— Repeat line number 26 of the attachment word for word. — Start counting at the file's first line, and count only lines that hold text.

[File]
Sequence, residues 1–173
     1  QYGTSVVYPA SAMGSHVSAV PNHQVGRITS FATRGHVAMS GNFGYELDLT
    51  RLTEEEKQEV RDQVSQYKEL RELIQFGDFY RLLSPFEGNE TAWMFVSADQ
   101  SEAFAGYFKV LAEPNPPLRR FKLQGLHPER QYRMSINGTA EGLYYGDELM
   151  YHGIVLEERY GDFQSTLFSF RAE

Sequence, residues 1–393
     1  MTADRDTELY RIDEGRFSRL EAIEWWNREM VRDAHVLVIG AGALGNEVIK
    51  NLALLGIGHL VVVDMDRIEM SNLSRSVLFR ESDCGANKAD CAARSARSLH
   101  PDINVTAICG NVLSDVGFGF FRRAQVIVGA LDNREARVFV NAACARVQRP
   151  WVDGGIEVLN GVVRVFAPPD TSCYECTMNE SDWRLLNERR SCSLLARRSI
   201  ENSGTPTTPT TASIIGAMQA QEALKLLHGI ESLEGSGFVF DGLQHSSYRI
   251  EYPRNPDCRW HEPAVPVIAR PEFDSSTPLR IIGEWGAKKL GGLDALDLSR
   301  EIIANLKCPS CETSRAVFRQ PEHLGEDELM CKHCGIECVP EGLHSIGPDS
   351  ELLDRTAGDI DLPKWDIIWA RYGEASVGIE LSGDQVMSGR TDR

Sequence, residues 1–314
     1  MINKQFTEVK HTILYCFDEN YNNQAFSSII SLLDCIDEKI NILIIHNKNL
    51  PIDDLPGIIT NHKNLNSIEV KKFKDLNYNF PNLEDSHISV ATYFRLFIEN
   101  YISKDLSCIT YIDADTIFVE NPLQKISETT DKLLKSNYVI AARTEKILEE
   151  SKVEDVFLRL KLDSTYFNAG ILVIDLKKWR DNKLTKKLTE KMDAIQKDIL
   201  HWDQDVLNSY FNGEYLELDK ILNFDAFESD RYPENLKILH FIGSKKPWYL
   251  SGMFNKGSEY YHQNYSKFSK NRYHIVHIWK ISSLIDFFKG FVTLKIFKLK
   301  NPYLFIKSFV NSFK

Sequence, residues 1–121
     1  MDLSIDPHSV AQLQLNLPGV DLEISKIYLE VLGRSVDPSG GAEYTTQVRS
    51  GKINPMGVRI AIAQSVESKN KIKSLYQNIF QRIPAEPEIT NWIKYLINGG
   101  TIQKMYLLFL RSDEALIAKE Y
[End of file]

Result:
   101  TIQKMYLLFL RSDEALIAKE Y